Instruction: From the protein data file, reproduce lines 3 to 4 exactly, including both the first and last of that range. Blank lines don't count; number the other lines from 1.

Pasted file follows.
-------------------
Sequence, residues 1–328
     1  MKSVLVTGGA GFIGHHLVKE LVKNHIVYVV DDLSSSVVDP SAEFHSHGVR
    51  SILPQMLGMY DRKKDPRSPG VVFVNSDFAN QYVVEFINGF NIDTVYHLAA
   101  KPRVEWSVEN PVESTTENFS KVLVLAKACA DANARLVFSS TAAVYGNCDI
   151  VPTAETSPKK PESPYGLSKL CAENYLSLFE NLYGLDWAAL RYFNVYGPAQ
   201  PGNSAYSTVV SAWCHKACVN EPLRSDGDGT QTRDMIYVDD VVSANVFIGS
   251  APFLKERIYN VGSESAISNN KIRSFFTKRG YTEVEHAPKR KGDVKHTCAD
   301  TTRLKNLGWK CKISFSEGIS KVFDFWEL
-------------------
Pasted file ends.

    51  SILPQMLGMY DRKKDPRSPG VVFVNSDFAN QYVVEFINGF NIDTVYHLAA
   101  KPRVEWSVEN PVESTTENFS KVLVLAKACA DANARLVFSS TAAVYGNCDI